Self Led Visits
The Centre’s interpretative layout was overseen by leaders in exhibition design and its content was developed over a two year period as a product of painstaking research and consultation with teachers. Narratives are delivered through the words of historical characters so that everyone can gain an insight into the daily lives of ordinary people and understand the changes that they experienced during the 19th century.
Self-led visits to explore the Blaenavon World Heritage Centre are free of charge.
Centre Learning Tools
An all new replica Victorian classroom has been created to pay homage to the World Heritage Centre’s past as the first free workers school in Wales. Built as a late Victorian classroom, pull down maps, pictures, school desk and benches all make the experience complete. To bring the classroom into the modern era, there is a Smart board with 2 films (available in English and Welsh) showing Victorian children’s experiences at St Peter’s School. Costumes for both teachers and children are available (with prior booking) as well as a range of interactive objects. A fun session can be held for all ages.
To book this classroom, please see facilities and booking.
Come and use our amazing object handling real objects you can touch and play with. Compare and contrast the lives of the people of Blaenavon from the 19th century to the 20th century. Explore the differences between poor and rich people.
Curriculum Links: Literacy, Numeracy, Geography, History, Science
Max Numbers: 30 per group
The focus of the World Heritage Centre’s exhibition space consists of eight touch-screen stations, each providing opportunities for students to explore six topics including living and working conditions during the 19th century, transport, the making of iron, geology and World Heritage.
For the topic of living conditions, students can investigate a week in the life of a child in the 19th century recounted as a first-person narrative and compare the contents of an ironworker’s cottage with an ironmaster’s mansion. There is also a ‘living wage’ game where students can try to manage a household budget on an ironworker’s wage.
On 19th century working conditions, students can investigate different jobs carried out by ordinary people during the Industrial Revolution and explore the role of an air-door boy (trapper), a drammer and a young collier in the 19th century. There is also a game where students can spot the dangers in the 19th century workplace.
On the theme of transport, students can compare the changing forms of transport from the days before the building of canals and railroads through to the 19th century with reference to the routes used to move iron and coal from Blaenavon to Newport.
For the topic of iron making, students can learn about the raw materials that were needed to make iron and discover how a blast furnace worked. They can also investigate how pig iron was refined and watch an animation of the entire iron-making process at Blaenavon World Heritage Centre.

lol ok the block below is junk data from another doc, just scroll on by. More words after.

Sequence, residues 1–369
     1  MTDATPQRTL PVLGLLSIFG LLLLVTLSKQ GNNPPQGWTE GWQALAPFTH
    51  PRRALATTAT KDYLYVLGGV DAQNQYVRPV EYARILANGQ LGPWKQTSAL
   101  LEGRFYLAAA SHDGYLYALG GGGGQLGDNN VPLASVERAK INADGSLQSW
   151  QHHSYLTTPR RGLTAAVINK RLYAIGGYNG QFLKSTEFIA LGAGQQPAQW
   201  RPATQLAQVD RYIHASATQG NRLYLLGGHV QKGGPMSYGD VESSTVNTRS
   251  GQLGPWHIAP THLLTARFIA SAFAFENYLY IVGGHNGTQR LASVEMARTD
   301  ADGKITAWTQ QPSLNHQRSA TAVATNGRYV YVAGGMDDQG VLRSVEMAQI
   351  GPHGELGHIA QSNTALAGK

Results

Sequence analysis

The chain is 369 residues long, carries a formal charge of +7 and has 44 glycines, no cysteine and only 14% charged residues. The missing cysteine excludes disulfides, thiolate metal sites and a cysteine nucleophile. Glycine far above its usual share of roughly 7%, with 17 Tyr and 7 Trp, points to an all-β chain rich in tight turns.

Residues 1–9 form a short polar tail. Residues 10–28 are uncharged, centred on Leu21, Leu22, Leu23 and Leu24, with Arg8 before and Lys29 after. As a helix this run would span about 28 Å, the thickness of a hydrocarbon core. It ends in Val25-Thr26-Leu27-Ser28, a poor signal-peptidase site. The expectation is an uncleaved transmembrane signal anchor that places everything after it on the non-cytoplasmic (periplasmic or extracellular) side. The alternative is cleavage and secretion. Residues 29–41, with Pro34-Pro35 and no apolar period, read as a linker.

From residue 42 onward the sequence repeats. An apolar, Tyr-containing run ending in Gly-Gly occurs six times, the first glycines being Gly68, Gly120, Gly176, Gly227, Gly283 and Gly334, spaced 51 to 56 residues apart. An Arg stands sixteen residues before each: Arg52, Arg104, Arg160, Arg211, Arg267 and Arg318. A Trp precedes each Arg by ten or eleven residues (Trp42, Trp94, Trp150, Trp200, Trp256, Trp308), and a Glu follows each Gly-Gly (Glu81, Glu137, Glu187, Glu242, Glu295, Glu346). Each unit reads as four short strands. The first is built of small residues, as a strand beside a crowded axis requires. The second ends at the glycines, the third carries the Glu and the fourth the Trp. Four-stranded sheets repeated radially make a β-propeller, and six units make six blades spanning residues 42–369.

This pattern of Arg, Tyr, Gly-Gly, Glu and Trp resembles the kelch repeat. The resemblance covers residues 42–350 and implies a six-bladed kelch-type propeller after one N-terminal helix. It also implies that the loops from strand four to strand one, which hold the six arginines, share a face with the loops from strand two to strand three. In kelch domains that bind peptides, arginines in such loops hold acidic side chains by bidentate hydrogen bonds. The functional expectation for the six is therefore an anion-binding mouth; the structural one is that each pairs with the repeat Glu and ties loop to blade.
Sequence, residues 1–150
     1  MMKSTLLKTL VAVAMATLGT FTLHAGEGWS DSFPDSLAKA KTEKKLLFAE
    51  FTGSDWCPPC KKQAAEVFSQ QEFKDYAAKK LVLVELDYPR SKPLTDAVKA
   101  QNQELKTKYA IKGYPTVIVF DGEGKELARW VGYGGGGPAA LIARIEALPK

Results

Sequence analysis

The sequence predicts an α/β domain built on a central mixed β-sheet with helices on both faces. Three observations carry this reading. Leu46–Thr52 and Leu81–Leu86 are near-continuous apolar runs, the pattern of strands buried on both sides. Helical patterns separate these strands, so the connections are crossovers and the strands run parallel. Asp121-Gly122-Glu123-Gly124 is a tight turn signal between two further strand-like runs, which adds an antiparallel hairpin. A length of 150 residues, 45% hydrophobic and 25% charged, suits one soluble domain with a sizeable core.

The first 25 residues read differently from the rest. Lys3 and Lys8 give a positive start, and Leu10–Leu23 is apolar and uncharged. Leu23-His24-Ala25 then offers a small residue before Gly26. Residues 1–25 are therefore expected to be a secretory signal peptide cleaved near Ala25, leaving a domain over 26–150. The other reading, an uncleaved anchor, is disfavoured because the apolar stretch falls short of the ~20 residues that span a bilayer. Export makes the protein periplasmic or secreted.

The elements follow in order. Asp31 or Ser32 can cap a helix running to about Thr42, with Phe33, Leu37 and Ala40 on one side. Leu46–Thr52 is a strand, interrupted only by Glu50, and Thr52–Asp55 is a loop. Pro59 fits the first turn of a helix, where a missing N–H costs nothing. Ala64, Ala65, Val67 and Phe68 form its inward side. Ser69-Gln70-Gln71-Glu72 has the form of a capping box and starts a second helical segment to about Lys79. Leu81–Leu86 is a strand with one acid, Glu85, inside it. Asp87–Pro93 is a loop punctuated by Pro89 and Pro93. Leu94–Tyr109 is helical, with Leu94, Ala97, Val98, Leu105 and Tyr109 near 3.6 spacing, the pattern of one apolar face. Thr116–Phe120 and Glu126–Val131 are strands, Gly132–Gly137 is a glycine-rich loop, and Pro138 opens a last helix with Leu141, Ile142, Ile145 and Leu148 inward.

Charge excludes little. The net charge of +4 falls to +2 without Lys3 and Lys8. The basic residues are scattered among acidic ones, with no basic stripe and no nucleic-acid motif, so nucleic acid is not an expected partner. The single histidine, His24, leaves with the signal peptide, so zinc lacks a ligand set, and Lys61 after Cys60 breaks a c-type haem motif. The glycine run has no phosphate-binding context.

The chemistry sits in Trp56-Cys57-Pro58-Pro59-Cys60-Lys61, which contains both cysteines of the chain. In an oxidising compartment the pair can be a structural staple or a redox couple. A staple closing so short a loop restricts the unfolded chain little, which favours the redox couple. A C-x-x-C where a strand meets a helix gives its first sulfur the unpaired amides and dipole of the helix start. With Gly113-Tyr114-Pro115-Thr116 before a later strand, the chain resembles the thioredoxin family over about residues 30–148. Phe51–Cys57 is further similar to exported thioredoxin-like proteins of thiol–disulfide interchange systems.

On the topic of geology, students can find out about how coal and ironstone were formed.
By exploring the theme of World Heritage, students can find out how World Heritage Sites are selected. A game – ‘Where in the World?’ – gives students an opportunity to explore different World Heritage Sites around the globe.
Displayed around the walls of the exhibition space are a series of graphic panels set out along a timeline which illustrate the changes that Blaenavon underwent during the 18th, 19th and 20th centuries. Exploration of the wall-mounted displays will help students to develop their chronological awareness and historical knowledge and understanding of this area from the Industrial Revolution up to the present day. Text is written in such a way as to be accessible to a KS2 audience. A dedicated set of topic based pupil worksheets are available to support an exploration of this resource as well as the touch-screen software in order to focus students’ attention.
Featured within the exhibition space are two audio-stations which provide students with an opportunity to listen to first-hand testimonies by older residents of Blaenavon on various topics. These include: growing up and children’s games in the 1920s and 30s; Sunday schools; St. Peter’s school; housing and living conditions; the 1926 miners’ strike; and the town of Blaenavon.
The main exhibition area is complemented by a small theatre that feature films of 5 minutes duration; one examines the development of Blaenavon’s Industrial Heritage whilst the other, focuses on World Heritage Sites. Both films contribute to the Curriculum Cymreig and PSE by helping students to understand the factors that have shaped Wales as well as exploring the theme of global citizenship.